With Dow-DuPont's $150 billion merger closing Thursday, the newly combined business's first spin-off could be the agribusiness formed by Johnston-based seed giant Pioneer and Indianapolis' Dow AgroSciences, experts say. "It makes sense, from my view, that agriculture" could be the focus of the first company formed, said Seth Goldstein, an analyst at Morningstar in Chicago. Here's why: Dow Chemical Co. and DuPont, which initially proposed creating three independent, publicly traded spin-offs — agribusiness, material science and specialty products — are facing intense investor pressure to create more, smaller companies. "There’s less debate about what would fall into ag and what doesn’t," said Matt Arnold, an analyst at Edward Jones in St. Louis. "For the most part, that should be pretty straightforward." Dow and DuPont have yet to say which company will first leave the nest. Investors are pushing for as many as six companies. In 2016, Iowa economic development leaders reached a deal with Dow-DuPont that will help cement its 2,600 employee workforce in the state. Most of those jobs are located in Johnston. Altogether, the company will receive $17 million in incentives, including $14 million in state tax credits and a $2 million forgivable loan.
Dole Food Co. is planning to sell its sprawling corporate headquarters and uproot its strawberry operations in Southern California as it seeks to sweeten its books ahead of yet another public stock offering. The world’s largest fresh fruit and vegetable company, owned by Los Angeles billionaire David H. Murdock, is nearly $1.3 billion in debt and operates with low margins and declining revenue. That makes the sale of some of its vast real estate holdings in Hawaii and the U.S. mainland a near imperative, according to regulatory filings and analysts.Dole reported $4.5 billion in revenue last year, a decline of nearly 3% from the previous year, and a net loss of $23 million. “They don’t want to do these things after the IPO,” said Kathleen Smith, principal of Renaissance Capital, an initial public offering investment advisor. The company has pledged in its prospectus to redraw its multinational real estate footprint by “rationalizing” its patchwork of facilities and selling off unproductive land, including nearly 15,000 acres in Hawaii. The company also has been mum about whether it can close a deal to sell its 10-acre headquarters complex in Westlake Village in exchange for an ersatz Hawaiian plantation theme park, which tells the 166-year-old company’s foundation story.
On Tuesday, the Humane Society of the United States introduced a ballot initiative called the Prevention of Cruelty to Farm Animals Act, which calls for a requirement that all pork and veal sold in California be produced without restrictive crates, and that all eggs produced and sold in the state be cage-free. It would make California the only state other than Massachusetts, which passed similar legislation last year, to have such regulations on farm animal welfare. The biggest potential impact of the initiative could be on pork. California does not have a large pork industry, and most of the pork sold here comes from out-of-state producers who would have to comply with the regulations when selling their product here.The next step is for organizers to get more than 365,000 signatures within 180 days in order for the initiative to be placed on the statewide ballot in November 2018.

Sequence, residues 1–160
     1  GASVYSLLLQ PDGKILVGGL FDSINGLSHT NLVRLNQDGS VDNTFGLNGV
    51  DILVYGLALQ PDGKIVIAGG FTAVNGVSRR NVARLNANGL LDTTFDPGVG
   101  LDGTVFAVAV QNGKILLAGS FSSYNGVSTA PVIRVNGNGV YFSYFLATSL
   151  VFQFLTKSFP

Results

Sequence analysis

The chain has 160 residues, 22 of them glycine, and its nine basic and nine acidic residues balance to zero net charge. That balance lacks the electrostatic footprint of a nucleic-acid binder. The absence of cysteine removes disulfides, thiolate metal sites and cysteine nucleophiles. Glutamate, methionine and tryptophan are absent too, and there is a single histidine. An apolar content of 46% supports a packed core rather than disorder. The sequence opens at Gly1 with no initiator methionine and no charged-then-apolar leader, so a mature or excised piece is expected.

“Today, the Property Casualty Insurers Association of America estimates that homeowners covered by federal flood insurance pay just half of the “true-risk cost” to insure their properties. In the highest-risk areas, they pay just a third.” A series of disasters has left the NFIP struggling financially. Hurricane Katrina and Superstorm Sandy devastated the flood insurance program’s budget and today, the program is about $24 billion in debt. As climate change fuels an increase in disasters, storms of the same caliber may become the norm.“There is actually a 50 percent chance within a 10-year period the NFIP will once again experience Hurricane Sandy-size losses,” Roy Wright, the director of the NFIP, wrote.Financial concerns aside, there are other problems as well. The program encourages people to build and stay in areas that flood constantly. There’s no incentive to leave because taxpayer subsidies rebuild homes and buildings, even if those structures have repeatedly flooded.Attempts to overhaul the NFIP have not been successful and repeatedly have been met with backlash. In 2012, Rep. Maxine Waters (D-Calif.) and Rep. Judy Biggert (R-Ill.) introduced the Biggert-Waters Act, a law that would increase the rates for business properties in special flood zones and properties that experience repeated flooding. These proposed increases would have led to an enormous spike in premiums. According to a 2013 RAND Corporation study, premiums in flood prone areas in New York City would have increased by $5,000 to $10,000 a year. Even Rep. Waters was outraged once the numbers came in and was part of a bipartisan effort to draft a bill to make sure premiums wouldn’t suddenly spike. In 2014, Congress passed the Homeowner Flood Insurance Affordability Act, which delayed the Biggert-Waters reforms for two years. Today, premiums now have slowly begun to increase. The current White House proposal for the program would certainly lead to more financial headaches. As part of deciding which areas are riskier, FEMA creates flood maps—but many of them are out-of-date. Funds had been previously allocated to update them, but Trump’s proposed 2018 budget included cutting $190 million from this effort. Without that money, FEMA would be forced to find money from somewhere else to fund mapping.Financial solvability aside, the NFIP is must be reauthorized by September 30.